The Day I Tried to Live

I got busted for sales in 2009 at the peak of my addiction. Awaiting my return was the same chaos that I had left. The only difference was that I was healthier and had some time to detox. The message didn’t make it to my head. I was waiting to get released and obsessively called my girlfriend–she was actually my fiance–for a ride. I wanted to get as much distance between me and the institution as fast as possible. She didn’t pick up.

It’s unfortunate how the penal system is so cyclical. I’ve been seeing the same faces and walk out and back in that revolving door since I first stepped foot in Juvenile Hall as a teenager. My cycle through county and state institutions as an adult was a whirlwind of old friends, and we sat in overly chilled cells, tanks, and yards talking nostalgically about the good old days when we were kids and doing time was fun. This was just miserable and scary–the way that a mirror is scary when you look and are greeted by a fading and unfamiliar face.

A thousand soon to be broken promises were my foundation, along with the few friends who showed up to support me. I thank you. You’re the reason that I’m still here. Your steadfast commitment and unconditional love kept me fueled when I lost the drive and ambition to continue on my own.

That afternoon, before my release–on the way back from the courthouse, I was sitting in a holding tank filled with the career men. They lived and frequented jails and prisons for the majority of their lives, and they knew hopeless when they saw it. It encompassed them and greeted them everywhere they went, like an old friend picking them up from the airport every time they came back home to visit. They took a look at my arms and were hysterical. It was the funniest thing they’d ever seen.

“When you getting out ‘TRACKS?’ one asked.

I told them I was getting out that night, and they laughed even harder. Jokes was on me. I gave them my normal reformed speel and they were in tears and choking on laughter. I argued that I understood where I had gone wrong, and that I would never make the same mistakes again. I was never coming back to this place.

Four hours later I was found half dead face down crumpled over myself in a YumYum Donuts parking lot with a needle half plunged and still hanging from the last vein in my right arm–or so I was told by a nurse at Grossmont Hospital moments before I ripped the IV and bolted for an exit with the worst headache I’d ever experienced. I bounced from wall to wall seeing everything in a blur as my vision swelled and my balance attempted to sweep my feet before pushing through an escape exit and sounding an alarm.

A few days later I sat at my kitchen table drooling all over myself strung out on a nod with a two liter of 7-UP filled with gin hanging from my limp hand and a struggling to stay lit cigarette dangling from my cold blue lips.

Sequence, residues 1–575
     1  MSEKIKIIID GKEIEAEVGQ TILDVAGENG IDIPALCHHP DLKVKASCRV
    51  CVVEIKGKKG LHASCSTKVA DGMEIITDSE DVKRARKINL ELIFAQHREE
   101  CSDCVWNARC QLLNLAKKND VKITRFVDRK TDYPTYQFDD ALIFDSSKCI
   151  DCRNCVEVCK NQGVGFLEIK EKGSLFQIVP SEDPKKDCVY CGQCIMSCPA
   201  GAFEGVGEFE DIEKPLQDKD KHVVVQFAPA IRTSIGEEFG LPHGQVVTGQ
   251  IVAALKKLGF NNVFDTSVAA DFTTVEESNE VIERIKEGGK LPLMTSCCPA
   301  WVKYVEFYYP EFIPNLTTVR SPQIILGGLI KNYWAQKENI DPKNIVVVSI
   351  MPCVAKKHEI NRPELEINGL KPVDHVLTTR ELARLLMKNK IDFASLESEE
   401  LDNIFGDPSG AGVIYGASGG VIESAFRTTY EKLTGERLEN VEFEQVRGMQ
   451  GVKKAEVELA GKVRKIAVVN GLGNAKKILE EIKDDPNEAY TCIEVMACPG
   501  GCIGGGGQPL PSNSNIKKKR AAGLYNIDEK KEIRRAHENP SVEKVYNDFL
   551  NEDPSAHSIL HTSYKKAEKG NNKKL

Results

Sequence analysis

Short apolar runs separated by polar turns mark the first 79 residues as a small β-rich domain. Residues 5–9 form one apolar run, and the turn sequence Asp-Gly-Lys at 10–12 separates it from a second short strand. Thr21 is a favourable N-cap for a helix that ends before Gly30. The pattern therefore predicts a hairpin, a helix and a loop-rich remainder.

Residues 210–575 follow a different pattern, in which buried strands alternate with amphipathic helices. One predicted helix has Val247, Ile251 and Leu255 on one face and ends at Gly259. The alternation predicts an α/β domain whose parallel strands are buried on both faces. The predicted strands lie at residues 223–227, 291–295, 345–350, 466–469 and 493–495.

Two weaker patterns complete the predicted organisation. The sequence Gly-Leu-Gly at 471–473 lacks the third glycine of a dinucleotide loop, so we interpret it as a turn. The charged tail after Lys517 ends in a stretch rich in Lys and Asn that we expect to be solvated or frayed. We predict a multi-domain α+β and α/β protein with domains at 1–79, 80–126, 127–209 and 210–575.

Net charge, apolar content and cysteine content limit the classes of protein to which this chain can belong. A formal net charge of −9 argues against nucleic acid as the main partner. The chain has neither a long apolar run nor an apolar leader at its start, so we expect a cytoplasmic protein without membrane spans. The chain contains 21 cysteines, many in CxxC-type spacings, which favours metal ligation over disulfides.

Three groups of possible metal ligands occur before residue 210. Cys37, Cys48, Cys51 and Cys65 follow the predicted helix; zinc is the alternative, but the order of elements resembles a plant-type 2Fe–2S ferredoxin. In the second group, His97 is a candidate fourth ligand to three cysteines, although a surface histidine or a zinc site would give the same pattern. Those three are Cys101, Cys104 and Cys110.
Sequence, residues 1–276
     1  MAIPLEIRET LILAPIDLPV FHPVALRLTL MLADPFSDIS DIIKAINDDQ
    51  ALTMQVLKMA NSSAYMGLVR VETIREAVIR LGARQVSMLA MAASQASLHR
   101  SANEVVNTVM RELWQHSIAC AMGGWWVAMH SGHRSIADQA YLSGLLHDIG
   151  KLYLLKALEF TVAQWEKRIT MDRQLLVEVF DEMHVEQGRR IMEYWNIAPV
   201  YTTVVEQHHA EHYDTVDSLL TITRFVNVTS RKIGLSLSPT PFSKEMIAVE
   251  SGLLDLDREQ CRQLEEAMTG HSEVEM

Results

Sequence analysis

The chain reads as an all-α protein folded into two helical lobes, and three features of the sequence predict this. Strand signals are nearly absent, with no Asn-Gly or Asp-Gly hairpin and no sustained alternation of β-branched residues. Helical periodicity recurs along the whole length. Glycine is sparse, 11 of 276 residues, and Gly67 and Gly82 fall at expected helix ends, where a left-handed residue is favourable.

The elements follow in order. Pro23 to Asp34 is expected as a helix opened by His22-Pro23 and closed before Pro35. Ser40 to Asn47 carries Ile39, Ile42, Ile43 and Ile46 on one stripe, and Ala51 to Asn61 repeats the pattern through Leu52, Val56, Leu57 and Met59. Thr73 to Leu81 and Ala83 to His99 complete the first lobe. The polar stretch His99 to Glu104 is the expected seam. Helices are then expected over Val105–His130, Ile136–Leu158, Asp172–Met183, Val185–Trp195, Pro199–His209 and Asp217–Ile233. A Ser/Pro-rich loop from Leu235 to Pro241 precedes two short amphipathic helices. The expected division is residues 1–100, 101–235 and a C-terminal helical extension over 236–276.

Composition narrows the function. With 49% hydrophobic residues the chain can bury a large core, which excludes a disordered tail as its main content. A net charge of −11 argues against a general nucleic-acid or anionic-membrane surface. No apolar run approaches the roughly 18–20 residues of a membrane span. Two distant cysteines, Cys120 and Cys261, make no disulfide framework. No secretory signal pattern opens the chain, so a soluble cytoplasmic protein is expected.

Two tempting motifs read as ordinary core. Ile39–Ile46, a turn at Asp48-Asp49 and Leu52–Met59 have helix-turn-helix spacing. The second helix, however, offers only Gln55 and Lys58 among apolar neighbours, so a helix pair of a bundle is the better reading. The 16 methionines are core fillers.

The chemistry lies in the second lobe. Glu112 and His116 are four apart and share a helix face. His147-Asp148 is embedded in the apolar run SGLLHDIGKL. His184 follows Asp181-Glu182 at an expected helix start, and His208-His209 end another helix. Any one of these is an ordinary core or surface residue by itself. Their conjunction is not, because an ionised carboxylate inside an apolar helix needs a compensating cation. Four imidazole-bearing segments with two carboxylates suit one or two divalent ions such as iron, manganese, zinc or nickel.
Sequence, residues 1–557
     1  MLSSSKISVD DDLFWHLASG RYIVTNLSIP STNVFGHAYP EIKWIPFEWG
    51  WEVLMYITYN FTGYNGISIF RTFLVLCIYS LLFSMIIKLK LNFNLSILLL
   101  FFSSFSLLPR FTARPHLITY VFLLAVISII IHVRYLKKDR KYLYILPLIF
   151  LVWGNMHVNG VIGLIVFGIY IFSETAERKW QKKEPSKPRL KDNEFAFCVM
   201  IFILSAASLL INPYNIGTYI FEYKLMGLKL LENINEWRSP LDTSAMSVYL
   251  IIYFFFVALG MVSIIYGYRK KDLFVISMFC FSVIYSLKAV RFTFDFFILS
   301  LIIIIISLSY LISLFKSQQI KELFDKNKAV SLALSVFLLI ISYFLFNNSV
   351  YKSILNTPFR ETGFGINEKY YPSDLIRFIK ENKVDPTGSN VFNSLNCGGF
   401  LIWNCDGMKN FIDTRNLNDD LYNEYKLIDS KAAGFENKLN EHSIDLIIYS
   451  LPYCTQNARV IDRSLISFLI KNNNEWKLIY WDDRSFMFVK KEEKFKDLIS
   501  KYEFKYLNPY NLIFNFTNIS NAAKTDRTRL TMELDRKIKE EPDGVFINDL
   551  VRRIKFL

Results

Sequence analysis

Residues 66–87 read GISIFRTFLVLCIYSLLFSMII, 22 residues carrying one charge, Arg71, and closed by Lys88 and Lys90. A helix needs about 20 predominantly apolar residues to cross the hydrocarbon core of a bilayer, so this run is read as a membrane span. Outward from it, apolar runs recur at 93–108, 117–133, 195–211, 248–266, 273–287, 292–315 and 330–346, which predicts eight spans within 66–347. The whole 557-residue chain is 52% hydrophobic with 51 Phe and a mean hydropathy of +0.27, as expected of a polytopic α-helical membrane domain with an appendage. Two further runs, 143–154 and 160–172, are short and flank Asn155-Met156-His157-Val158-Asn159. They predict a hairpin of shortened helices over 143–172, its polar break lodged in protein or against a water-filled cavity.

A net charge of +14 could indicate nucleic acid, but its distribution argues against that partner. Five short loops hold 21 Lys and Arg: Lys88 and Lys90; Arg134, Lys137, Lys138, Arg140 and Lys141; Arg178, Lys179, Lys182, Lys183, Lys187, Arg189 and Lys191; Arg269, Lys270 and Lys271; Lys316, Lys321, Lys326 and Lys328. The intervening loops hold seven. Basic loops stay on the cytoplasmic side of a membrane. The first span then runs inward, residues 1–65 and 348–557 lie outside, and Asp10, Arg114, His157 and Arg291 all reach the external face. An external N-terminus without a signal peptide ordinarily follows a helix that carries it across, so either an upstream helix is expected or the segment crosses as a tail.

June 3rd, 2009. That’s a day I won’t soon forget. Sometimes I think that my real sobriety started on that day even though my abstinence didn’t really begin until the 6th. I jerked up out of my nod to the tormenting banter of my convict comrades ridiculing me. I imagined my next stay, and figured it was only a matter of time before I joined their club. At the time I’d rather die.

So, an hour later I sat with my legs hanging over the concrete barrier separating the road on the Coronado bridge and 200 ft. drop below at 3 a.m. on that Thursday morning posing existential questions aimed at answering my query. To do, or not to do. Yes, that was the question.

And just like that, there was a metaphysical shift in the air; my senses grew sharper, the air thick, the breeze invigorating, and I felt a sense of urgency to go home. I got in the car and drove home to my apartment, and that my mom was sitting in my living room at the kitchen table waiting for me. We broke down in each others arms, and I curled up and let her be my mother. We went to my Grandparents house, the home I grew up in, and together, one addict and alcoholic helping another, a mother and a son, we nourished ourselves back to sanity, good health, and continuous sobriety.

Today marks my, and my mothers, eight years clean and sober.

Ironically, I fell ill today, and I’m sitting here typing this last sentence thinking to myself, “being dope sick wasn’t all that bad compared to normal shit in life we learn to embrace.”

I guess in the end, just don’t let your life be for nothing, because that’s a tragic waste.

Author: saftythird

Defying convention

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